Since the advent of social media in the early noughties, a variety of urban myths have grown. We have noticed that these myths have almost become internet folklore, they can be the cause of much confusion and debate, and they continue to discourage businesses from using social media to promote themselves.
Here are a few social media myths we can bust for you, once and for all. We hope they will help you improve your own social media activity, and encourage you to use social media platforms to their full potential. The more activity you encourage via social media, the better your search engine rankings will be.
Here are the myths, can you relate to any of them?
Social media doesn’t need daily time and attention. This is just not true. Social media requires regular activity, at all times of the day and during the evening especially. And if you have an international audience, you will need to consider various time zones too. One or two posts per week are the very least you should be doing. If you have business pages on social media platforms, you or a team member should be checking them and updating them on a daily basis. Don’t forget weekends too. Social media use increases during the weekend, when people are off work, so if you want to be seen by the right people, you need to be around when they are enjoying free time on the internet.
Coming up with new content is really difficult. This is the number one problem that clients share with us, and yet, posting new content is not as difficult as it seems. The problem is that many content creators block their own creativity by trying to be too different, and too clever. The secret to flowing content on social media is to be natural, and focus on your customers’ interests and needs. Then post content which addresses these needs and interests, and provides solutions for them. Don’t be afraid of a little repetition either. If you have a special offer running, consider posting it a few times throughout the week, at different times in the day, to maximise the impact of the audience that sees it. If you keep it relevant, useful and informative, it should be well received.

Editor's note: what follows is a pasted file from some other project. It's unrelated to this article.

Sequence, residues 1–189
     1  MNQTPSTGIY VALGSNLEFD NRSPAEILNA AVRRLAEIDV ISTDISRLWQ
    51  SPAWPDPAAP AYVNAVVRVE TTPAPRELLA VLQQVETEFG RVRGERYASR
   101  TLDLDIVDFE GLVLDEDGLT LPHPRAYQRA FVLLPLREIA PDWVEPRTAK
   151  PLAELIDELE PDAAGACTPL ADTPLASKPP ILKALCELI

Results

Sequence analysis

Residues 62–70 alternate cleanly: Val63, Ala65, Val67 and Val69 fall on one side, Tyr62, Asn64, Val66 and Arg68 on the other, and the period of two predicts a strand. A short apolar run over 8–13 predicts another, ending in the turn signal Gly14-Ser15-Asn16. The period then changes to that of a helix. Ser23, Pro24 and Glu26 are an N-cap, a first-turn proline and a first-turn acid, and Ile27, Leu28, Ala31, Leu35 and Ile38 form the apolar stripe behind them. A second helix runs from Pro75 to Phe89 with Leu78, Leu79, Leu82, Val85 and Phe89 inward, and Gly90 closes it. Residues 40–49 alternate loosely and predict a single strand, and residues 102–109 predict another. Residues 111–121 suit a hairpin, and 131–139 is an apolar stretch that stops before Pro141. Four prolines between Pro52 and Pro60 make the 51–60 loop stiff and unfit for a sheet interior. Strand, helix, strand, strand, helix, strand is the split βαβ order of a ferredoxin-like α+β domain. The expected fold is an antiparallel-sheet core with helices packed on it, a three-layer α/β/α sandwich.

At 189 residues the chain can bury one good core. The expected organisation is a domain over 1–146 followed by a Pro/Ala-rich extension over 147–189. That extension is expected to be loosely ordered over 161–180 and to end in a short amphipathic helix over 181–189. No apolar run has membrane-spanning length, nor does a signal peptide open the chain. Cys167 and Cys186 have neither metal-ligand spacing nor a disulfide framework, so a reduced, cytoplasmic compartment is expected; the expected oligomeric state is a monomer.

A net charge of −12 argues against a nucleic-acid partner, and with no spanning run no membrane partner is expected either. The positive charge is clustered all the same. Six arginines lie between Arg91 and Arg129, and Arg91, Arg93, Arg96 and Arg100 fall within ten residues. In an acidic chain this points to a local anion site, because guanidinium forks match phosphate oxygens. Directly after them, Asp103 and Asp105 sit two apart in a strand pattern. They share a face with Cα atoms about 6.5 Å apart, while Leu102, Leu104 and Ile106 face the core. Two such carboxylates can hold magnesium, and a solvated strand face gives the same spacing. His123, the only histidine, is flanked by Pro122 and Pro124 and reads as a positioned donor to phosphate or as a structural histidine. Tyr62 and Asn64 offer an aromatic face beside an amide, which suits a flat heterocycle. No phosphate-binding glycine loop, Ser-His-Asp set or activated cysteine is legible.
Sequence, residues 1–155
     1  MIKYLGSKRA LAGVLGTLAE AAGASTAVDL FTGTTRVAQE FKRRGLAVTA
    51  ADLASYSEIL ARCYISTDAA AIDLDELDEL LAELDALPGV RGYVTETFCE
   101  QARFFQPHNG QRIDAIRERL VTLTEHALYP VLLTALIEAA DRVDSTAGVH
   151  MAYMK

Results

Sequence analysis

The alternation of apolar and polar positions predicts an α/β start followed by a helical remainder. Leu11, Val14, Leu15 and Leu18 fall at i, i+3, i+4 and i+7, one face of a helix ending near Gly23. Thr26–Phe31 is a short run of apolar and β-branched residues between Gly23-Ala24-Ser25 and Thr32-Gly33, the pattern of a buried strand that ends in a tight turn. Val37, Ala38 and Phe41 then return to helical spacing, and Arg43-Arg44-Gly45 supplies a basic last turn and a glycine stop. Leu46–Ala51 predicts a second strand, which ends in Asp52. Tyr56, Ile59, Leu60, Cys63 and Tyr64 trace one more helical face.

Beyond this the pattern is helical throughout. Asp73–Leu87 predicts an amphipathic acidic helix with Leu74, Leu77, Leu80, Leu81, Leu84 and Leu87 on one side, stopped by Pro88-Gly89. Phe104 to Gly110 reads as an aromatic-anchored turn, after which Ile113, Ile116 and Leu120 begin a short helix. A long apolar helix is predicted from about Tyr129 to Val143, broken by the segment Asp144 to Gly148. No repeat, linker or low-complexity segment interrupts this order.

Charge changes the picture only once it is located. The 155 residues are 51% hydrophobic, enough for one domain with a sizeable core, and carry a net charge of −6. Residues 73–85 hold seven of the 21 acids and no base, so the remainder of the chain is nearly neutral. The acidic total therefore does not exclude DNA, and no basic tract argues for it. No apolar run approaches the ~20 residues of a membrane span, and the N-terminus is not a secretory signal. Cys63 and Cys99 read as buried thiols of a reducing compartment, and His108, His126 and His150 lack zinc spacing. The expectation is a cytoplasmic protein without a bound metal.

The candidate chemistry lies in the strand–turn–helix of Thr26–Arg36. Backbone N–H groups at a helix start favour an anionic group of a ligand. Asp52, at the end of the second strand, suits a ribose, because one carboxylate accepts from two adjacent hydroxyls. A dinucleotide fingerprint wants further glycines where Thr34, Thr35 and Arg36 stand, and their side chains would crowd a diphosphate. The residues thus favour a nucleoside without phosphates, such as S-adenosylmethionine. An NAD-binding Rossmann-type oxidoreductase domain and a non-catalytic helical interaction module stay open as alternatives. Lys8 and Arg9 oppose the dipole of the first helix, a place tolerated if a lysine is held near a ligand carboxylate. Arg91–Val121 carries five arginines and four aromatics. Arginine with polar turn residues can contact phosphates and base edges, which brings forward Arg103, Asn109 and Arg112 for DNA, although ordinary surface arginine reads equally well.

I don’t like showing my personality. Many businesses hide behind the frosty exterior of a brand. This is a mistake, especially when it comes to social media. It is much better to develop a warm, approachable, and knowledgeable personality that engages people. A Facebook page that is purely a corporate stream of emotionless updates will not attract, or maintain an audience’s attention. Don’t be shy. Show your dazzling personality, wit and humour. It will pay dividends and show followers of your page that there is a real person behind the brand.
Social media is for young people and my audience is older. This statement is just wrong. The older generation are increasingly internet and social media savvy. They tend to have more disposable income, and they have more time to play on social media networks. They are also more likely to engage, share and comment on your posts! Don’t presume that Twitter and Facebook are populated by teenagers and the twenty-something’s only, you’ll be missing out on a huge, more mature, and discerning audience that could be looking for exactly what you are selling. Think about how influential Pinterest has become to retail brands. Corporate Pinterest users are benefitting by promoting themselves online to an older audience of cash rich shoppers. Don’t miss out.
Let us know about the aspects of social media marketing that you struggle with. Have you found a way of using social media that makes a difference to your business?